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Lecture 7

Lecture 7-8 Notes.pdf

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Biological Sciences
Marc Cadotte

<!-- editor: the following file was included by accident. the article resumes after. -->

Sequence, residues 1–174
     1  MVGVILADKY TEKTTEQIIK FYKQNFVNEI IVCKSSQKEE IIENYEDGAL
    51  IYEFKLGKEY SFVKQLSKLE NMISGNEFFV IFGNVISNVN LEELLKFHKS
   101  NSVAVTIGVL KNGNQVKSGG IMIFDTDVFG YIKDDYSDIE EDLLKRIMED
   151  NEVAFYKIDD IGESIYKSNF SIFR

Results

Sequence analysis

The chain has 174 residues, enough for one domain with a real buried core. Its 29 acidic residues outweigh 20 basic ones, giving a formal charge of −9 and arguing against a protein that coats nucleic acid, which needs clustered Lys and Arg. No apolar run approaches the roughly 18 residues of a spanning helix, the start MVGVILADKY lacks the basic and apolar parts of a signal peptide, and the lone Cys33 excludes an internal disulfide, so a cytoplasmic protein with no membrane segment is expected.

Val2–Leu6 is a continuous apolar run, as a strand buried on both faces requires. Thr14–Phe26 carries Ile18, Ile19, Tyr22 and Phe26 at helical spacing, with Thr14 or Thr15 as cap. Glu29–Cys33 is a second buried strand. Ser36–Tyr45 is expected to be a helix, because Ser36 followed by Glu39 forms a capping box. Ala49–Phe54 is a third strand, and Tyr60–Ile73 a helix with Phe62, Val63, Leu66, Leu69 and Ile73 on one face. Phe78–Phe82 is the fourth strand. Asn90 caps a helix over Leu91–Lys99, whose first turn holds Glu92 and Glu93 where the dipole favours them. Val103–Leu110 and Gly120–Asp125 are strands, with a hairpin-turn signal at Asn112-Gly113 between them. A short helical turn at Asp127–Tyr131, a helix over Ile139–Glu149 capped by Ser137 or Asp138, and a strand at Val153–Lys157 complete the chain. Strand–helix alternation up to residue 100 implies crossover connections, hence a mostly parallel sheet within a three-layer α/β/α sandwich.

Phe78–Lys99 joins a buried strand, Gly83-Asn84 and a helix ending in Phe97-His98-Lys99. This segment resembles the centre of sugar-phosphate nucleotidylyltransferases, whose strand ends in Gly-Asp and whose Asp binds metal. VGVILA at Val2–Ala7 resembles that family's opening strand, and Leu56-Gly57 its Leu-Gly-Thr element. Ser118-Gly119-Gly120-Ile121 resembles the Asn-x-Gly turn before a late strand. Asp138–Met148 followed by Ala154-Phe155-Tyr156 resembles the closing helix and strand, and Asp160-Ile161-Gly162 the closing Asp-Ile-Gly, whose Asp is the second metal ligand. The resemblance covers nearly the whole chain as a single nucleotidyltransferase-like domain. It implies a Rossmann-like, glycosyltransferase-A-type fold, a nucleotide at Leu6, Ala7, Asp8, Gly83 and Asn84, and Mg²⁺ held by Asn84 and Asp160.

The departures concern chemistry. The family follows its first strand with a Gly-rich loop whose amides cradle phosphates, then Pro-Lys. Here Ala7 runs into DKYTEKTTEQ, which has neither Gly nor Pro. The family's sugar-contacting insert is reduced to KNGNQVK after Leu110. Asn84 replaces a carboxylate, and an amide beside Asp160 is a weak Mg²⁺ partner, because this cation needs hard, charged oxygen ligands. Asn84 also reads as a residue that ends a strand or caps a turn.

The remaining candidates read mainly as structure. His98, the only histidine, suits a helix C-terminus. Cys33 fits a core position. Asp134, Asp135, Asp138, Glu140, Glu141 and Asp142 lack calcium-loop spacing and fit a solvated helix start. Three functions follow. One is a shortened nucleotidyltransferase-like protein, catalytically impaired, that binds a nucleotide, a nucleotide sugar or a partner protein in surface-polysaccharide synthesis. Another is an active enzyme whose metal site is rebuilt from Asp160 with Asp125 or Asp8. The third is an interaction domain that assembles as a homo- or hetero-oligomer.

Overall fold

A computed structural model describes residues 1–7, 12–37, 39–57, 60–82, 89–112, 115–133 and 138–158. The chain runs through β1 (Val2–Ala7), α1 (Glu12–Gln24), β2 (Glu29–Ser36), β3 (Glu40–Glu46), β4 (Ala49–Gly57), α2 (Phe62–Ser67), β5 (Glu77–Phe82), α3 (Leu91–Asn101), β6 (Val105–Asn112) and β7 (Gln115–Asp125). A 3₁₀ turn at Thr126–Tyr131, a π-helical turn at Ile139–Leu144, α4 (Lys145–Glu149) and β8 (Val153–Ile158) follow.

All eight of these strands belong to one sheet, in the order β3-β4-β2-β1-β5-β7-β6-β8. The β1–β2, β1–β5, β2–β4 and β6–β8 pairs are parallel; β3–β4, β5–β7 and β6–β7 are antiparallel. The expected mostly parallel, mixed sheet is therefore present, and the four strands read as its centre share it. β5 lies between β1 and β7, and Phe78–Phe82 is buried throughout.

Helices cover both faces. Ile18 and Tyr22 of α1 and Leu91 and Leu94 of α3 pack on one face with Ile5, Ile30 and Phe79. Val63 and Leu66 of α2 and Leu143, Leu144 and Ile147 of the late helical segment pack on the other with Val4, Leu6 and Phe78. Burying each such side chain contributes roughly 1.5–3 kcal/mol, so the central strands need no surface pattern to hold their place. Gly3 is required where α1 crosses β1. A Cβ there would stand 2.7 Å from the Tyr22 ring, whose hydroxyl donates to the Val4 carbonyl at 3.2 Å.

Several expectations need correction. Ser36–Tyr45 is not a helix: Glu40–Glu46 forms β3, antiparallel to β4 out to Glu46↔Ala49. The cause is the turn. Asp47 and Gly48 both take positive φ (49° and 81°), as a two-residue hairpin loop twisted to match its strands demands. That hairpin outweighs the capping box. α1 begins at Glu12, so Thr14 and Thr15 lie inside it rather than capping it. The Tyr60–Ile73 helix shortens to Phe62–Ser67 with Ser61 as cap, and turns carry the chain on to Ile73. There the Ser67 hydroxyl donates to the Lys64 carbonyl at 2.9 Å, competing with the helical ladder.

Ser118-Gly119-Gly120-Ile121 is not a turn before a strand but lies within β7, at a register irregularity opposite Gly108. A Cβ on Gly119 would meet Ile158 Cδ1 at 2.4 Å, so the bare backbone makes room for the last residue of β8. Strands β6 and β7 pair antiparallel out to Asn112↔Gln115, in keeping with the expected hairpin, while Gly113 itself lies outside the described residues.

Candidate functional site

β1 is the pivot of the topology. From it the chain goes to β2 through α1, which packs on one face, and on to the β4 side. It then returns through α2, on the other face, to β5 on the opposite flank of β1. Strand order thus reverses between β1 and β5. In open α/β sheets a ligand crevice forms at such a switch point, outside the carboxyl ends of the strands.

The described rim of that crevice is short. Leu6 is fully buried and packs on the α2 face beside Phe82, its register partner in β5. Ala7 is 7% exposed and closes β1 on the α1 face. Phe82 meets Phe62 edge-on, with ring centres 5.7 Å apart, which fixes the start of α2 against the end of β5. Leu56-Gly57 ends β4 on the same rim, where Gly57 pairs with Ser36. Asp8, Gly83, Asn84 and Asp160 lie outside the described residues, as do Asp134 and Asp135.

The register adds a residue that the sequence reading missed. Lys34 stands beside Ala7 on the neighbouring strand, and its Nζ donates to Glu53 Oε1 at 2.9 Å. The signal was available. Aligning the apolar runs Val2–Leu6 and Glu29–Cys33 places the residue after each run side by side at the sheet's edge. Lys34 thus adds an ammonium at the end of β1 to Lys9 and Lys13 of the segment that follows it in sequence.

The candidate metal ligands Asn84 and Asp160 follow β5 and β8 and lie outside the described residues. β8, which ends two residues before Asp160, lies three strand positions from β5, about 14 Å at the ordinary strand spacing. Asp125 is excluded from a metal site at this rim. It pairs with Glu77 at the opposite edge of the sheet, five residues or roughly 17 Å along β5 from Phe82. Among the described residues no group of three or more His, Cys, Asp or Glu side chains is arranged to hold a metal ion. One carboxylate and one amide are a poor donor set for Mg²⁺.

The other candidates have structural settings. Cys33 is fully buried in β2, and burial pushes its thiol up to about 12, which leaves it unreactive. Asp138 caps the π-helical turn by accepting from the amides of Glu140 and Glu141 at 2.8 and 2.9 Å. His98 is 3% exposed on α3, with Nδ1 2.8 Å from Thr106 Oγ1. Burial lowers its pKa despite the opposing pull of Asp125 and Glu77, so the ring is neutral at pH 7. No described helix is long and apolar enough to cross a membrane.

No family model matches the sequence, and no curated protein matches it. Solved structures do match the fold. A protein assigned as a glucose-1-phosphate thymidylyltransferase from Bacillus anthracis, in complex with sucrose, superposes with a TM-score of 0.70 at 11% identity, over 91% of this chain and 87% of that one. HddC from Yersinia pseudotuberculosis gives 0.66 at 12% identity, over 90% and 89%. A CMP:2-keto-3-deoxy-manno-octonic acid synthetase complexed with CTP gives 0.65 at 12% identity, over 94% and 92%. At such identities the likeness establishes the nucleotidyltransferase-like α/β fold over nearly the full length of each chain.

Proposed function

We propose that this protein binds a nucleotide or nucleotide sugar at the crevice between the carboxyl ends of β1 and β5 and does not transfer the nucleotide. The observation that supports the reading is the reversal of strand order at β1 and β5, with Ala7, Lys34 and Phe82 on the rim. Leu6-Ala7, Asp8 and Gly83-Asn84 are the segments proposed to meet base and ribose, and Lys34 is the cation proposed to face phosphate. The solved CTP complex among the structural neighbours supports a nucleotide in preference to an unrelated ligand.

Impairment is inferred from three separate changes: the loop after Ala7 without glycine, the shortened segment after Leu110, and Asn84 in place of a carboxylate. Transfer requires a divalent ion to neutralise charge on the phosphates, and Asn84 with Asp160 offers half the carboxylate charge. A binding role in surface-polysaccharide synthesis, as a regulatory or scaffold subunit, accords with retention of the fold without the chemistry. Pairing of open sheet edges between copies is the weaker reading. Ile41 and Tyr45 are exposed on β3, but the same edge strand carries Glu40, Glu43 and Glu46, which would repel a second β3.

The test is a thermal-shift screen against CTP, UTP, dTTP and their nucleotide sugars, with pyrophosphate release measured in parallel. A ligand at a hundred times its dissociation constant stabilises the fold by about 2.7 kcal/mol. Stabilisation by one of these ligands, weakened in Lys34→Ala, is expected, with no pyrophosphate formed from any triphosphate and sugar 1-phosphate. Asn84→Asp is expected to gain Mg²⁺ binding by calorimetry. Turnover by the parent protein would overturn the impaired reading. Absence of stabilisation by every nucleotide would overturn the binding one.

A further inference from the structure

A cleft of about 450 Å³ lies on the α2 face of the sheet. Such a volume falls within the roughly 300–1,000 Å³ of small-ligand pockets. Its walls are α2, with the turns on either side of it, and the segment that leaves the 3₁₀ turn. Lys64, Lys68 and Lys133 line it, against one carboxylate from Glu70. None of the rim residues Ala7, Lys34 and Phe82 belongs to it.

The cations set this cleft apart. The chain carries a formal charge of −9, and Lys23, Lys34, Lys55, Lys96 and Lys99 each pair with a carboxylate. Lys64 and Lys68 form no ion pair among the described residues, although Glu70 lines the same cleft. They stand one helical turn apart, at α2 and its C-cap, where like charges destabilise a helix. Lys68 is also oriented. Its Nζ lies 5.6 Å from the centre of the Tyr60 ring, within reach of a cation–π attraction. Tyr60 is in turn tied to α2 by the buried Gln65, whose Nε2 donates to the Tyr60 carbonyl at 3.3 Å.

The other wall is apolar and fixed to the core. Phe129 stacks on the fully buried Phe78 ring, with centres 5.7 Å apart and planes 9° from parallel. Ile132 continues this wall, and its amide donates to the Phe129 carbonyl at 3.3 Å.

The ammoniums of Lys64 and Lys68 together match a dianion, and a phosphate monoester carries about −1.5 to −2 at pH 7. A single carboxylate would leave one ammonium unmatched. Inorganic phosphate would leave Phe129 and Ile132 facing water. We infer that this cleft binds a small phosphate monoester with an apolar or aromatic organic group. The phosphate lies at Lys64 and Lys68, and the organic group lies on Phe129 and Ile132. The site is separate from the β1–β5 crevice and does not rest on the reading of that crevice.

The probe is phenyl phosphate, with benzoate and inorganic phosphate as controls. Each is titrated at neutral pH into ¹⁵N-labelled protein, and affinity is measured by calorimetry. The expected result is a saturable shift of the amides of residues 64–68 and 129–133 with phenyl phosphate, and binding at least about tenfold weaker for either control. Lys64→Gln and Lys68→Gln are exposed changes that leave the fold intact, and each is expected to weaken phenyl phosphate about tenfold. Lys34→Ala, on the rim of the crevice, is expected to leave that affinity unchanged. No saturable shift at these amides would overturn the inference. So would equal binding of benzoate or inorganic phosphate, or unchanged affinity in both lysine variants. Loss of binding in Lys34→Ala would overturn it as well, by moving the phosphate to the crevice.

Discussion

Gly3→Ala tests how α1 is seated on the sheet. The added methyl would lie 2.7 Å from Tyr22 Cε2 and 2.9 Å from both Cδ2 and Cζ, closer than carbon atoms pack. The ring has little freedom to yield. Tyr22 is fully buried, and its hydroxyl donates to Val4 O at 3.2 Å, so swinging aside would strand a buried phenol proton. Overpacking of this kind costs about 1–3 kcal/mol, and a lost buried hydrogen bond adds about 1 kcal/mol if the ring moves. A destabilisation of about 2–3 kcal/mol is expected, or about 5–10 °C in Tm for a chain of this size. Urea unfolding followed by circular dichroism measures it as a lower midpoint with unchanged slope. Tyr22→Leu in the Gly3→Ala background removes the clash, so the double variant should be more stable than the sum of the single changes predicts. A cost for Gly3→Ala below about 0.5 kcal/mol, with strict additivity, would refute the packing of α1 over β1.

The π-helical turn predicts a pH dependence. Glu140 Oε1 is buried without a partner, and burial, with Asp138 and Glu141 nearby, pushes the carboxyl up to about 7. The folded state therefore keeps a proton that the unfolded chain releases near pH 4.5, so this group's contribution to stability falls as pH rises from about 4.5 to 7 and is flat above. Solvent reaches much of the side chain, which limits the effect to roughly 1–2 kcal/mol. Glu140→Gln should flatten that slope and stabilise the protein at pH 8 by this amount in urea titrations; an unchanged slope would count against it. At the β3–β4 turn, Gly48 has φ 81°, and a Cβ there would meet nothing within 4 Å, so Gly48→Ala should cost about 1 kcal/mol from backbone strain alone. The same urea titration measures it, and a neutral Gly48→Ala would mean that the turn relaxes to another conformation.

Lecture 7-8: Population Growth and Regulation Factors Affecting Human Population ▯ - you have to understand how population change over time ▯ - Very recently, human population has exploded in size ▯ - The reason for this has to do with technological innovations, industrial revolution, modern medicine, etc ▯ - However, the Bubonic plague caused a greater decrease in population ▯ - In 1975, the population was growing at an annual rate of nearly 2%. At this rate, a population will double in ▯ size every 35 years. If this growth rate were sustained, we would reach 32 billion by 2080 ▯ - But growth rate has slowed recently, to about 1.21% per year. If this rate is maintained, there would be ▯ roughly 16 billion people on Earth in 2080. Could Earth support 16 billion people? Introduction ▯ - One of the ecological maxims is: “No population can increase in size forever” ▯ - If no one can increase in size forever, what does that mean for the human population? ▯ ▯ - human population has declined ▯ ▯ - Through maybe, women waiting longer to reproduce, women getting more educated ▯ ▯ - we must understand why population grows Life Tables ▯ - Life tables show how survival and reproductive rates vary with age, size, or life cycle ages ▯ - Information about births and deaths is essential to predict trends or future population size ▯ - Data for a life table for the grass Poa annua were collected by marking 843 naturally germinating seedlings ▯ and then following their fates over time ▯ - Sx= age-specific survival rate: chance that an individual of age x will survive to age x +1 ▯ - x = survivorship: proportion of individuals that survive from birth (age 0) to age x ▯ - Fx= fecundity: average number of offspring produced by a female while she is of age x ▯ - Hereʼs the table ▯ - A cohort life table follows the fate of a group of individuals all born at the same time (a cohort). This is usually ▯ hard to do since you gave to follow individuals throughout time ▯ - In some cases, a static life table can be used- survival and reproduction of individuals of different ages during ▯ a single time period are recorded ▯ - A survivorship curve is a plot of the number of individuals from a hypothetical cohort that will survive to reach ▯ different ages ▯ ▯ - Survivor ship curves can be classified into 3 general types ▯ ▯ - Type I: high survival rate and then decline with old age ▯ ▯ - Type II: linear survival rate ▯ ▯ - Type III: rapid decline. Once you have made it through ▯ ▯ childhood, you have a higher chance of surviving Age Structure ▯ - Life table data can be used to project the future age structure, size, and growth rate of a population ▯ - A population can be characterized by its age structure- the proportion of the population in each age class ▯ - Age structure influences whether a population will increase or decrease in size ▯ - Three types: ▯ ▯ - Rapid growth (eg. Guatemala, Nigeria, Saudi Arabia) ▯ ▯ most young people are heading to the reproductive age ▯ ▯ - Zero growth (eg. Spain, Austria, Greece) ▯ ▯ have relatively the same people dying as are ▯ ▯ being born ▯ ▯ - Negative growth (eg. Germany, Bulgaria, Italy) ▯ ▯ more old people than younger people ▯ - Life table data can be used to predict age structure and population size ▯ - ▯ - Assume the population starts with 100 individuals ▯ ▯ Age class 0 = 20 individuals ▯ ▯ Age class 1 = 30 ▯ ▯ Age class 2 = 50 ▯ - Two things must be calculated: ▯ ▯ 1. Number of individuals that will survive to the next time period ▯ ▯ 2. Number of newborns those survivors will produce in the next time period ▯ - Results from this shows: ▯ ▯ - there is a lot of fluctuation since there is not a good age representation ▯ ▯ - the population is increasing/growing ▯ ▯ - Refer to graph above ▯ - The growth rate (⋋) can be calculated as the ration of the population size in year t + 1 (N ) to the t+1 ▯ population size ▯in year t (N) t ▯ - Equation: ⋋ = N /N t+1 t ▯ ▯ - If your population is growing then the top number will always be greater then the denominator ▯ ▯ - lambda (⋋) will be greater than 1 ▯ ▯ - When age-specific survival and fecundity rates are constant over time, the population ultimately grows at a ▯ fixed rate ▯ - The age structure does not change from one year to the next- it has a stable age distribution ▯ - In the example, the stable age distribution is 0.73 in age class 0, 0.17 in age class 1, and 0.10 in age class 2 ▯ - Any factor that alters survival or fecundity of individuals can change the population growth rate ▯ - Two things greatly affect population growth: survival and production ▯ - This can be used to develop management practices that decrease pest populations or increase an ▯ endangered population ▯ - Example: Loggerhead sea turtles are threatened by development on nesting sites and commercial fishing s t e ▯ n ▯ - Reasons for the decline on the turtle population: ▯ ▯ - fisheries, development of resorts that impose on their laying space, being eaten by predators ▯ ▯ - scientist are trying to find ways to increase survival rates. Some people have been focusing on ▯ ▯ eggs, but others are focusing on trying to get the nets to have holes so turtles can be released ▯ - Even if hatching survival were increased to 100%, loggerhead populations would continue to decline ▯ - Instead, population growth rate was most responsive to decreasing mortality of older juveniles and adults ▯ - Shrimping resulted in 5,000 to 50,000 loggerhead deaths per year! Exponential Growth ▯ - Populations can grow exponentially when conditions are favourable, but exponential growth cannot continue ▯ indefinitely ▯ ▯ - In general, populations can grow rapidly whenever individuals leave an average of more than one offspring ▯ over substantial periods of time ▯ - If a population reproduces in synchrony at regular time intervals (discrete time periods), and growth rate ▯ remains the same, geometric growth occurs ▯ - The population increases by a constant proportion, so the number of individuals added to the population ▯ becomes larger with each time period ▯ - When we use a life table, we are assuming the population is increasing in intervals (Geometric growth), the ▯ population is growing by a constant amount ▯ - Geometric growth: ▯ ▯ N t+1 = ⋋N t ▯ ▯ ⋋: geometric growth rate; also known as the (per capita) finite rate of increase f ▯ ▯ I ⋋ = 1 the population is replacing itself and not growing ▯ - Geometric growth rate predicts exponential increase in population size t ▯ - Geometric growth can also be represented by N = ⋋N t 0 ▯ ▯ - N 0ives you the starting population size today ▯ - This predicts the size of the population after any number of discrete time periods ▯ - In any species, indivi